1825 ENGLISH POETRY 1579-1830: SPENSER AND THE TRADITION

Sir Walter Scott

Thingamy Bob, "Ivanhoe" The Kaleidoscope [Liverpool] NS 6 (4 October 1825) 108.



Two friends t' other day had been chatting together
On various topics; the wind and the weather
No doubt making part of their converse,
When all of a sudden — (now pray keep awake,
There's a verse or two more, though, indeed, for your sake,
I had hoped to have finished in one verse,)—

When all of a sudden their chit-chat made way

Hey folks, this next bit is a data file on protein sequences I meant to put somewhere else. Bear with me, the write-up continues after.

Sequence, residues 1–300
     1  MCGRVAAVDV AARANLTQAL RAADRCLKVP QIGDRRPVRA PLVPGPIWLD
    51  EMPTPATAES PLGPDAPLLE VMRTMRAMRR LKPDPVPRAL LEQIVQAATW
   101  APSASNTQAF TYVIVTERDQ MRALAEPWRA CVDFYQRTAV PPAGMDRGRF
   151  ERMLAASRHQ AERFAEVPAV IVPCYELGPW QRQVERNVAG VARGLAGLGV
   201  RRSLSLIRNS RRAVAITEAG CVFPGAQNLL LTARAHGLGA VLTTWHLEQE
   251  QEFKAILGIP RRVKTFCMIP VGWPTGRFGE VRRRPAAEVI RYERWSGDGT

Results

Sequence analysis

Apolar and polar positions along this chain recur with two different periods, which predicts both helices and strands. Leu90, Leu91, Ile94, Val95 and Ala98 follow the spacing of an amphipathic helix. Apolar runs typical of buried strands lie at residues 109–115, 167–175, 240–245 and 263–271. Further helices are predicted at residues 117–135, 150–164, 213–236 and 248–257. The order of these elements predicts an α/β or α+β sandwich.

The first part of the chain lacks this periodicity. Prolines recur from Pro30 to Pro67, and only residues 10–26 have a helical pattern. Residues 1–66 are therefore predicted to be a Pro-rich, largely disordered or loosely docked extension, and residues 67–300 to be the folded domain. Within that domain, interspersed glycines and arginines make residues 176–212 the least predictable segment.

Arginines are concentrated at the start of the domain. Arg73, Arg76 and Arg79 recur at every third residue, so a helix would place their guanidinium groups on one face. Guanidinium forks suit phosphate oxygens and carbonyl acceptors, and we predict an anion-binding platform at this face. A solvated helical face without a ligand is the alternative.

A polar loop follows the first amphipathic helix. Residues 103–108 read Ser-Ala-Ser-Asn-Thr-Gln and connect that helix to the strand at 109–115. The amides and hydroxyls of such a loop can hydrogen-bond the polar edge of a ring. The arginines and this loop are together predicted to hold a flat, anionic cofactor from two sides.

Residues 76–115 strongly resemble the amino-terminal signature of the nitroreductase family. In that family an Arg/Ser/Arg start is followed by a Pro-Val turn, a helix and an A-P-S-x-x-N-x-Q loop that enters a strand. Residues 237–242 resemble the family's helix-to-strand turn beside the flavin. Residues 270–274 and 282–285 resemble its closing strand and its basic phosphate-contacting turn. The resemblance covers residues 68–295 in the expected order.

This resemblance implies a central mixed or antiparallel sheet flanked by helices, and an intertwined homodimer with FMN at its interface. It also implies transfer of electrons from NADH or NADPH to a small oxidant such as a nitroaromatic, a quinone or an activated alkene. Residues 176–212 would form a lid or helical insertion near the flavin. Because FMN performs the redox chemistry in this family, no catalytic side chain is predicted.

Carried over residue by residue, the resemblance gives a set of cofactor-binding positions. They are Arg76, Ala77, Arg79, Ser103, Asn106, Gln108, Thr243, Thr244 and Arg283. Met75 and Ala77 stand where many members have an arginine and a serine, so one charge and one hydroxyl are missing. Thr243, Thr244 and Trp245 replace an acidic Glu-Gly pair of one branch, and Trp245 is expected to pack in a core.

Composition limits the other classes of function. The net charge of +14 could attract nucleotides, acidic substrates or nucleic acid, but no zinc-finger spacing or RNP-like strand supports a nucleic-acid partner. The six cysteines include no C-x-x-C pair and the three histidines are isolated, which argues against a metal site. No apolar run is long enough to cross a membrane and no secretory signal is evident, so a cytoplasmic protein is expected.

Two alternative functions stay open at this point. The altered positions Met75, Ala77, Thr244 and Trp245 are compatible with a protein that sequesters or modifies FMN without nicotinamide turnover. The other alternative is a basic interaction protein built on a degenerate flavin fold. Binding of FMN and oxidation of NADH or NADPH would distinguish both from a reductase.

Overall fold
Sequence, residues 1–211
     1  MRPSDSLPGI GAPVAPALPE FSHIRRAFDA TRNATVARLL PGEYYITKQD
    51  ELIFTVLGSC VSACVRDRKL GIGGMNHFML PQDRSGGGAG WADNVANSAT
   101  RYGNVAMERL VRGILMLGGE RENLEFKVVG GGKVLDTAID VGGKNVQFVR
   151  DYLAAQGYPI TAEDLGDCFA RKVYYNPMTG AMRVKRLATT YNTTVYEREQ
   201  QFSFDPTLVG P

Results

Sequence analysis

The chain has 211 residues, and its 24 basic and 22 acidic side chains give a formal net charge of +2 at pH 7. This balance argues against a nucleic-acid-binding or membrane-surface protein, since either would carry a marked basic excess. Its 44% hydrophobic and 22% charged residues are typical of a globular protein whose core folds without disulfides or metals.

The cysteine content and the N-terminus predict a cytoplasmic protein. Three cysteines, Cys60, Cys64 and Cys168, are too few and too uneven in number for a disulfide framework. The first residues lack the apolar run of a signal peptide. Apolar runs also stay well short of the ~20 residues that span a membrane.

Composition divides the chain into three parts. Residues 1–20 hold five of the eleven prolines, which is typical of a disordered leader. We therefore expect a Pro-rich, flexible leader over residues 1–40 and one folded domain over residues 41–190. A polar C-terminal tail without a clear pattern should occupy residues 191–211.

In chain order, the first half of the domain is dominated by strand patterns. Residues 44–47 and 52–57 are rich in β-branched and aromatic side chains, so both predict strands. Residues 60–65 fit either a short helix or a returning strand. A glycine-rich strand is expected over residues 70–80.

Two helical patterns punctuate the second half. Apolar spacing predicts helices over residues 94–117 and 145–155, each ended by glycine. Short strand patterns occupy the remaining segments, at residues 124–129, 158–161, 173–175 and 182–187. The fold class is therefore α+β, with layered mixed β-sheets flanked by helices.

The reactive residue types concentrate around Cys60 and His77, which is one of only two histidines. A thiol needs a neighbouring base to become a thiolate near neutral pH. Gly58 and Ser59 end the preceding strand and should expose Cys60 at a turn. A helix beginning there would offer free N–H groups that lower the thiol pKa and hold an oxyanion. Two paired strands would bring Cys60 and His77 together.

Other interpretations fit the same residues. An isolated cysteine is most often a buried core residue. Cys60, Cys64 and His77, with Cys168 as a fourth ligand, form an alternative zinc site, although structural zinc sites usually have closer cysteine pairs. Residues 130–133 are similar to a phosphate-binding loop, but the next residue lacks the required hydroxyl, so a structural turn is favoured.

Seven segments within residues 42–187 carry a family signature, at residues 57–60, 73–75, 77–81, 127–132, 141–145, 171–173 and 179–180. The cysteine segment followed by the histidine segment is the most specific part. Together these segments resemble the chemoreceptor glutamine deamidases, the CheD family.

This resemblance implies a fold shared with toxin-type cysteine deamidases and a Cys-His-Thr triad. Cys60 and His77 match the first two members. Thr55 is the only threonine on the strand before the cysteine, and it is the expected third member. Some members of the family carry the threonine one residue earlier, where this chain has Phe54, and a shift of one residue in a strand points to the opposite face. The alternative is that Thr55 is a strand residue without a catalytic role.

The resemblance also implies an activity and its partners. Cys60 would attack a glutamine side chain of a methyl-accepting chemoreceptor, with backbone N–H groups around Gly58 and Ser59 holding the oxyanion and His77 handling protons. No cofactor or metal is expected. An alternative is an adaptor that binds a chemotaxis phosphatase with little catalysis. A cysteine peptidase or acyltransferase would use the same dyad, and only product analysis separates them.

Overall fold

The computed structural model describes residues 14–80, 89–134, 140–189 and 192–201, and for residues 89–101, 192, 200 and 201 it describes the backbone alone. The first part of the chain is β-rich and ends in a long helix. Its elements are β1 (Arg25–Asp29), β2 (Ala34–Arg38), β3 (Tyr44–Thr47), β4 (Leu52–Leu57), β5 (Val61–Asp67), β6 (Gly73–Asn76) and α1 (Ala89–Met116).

For a subject more learned — more learned than they
Had, perhaps, any right to engage in:
This point, though, I'll leave to my readers to settle—
But towards the conclusion I thought they would get ill,
So fierce grew the war they were waging.

Be that as it may, though 'twas thus they begun,
"I've been reading Scott's Ivanhoe, neighbour," says one,
"But think you," says he, "that it's his?"
"Well, indeed," says the other, "I do not pretend
To be able to tell you for certain, my friend,
But I'VE-AN-O-pinion it is."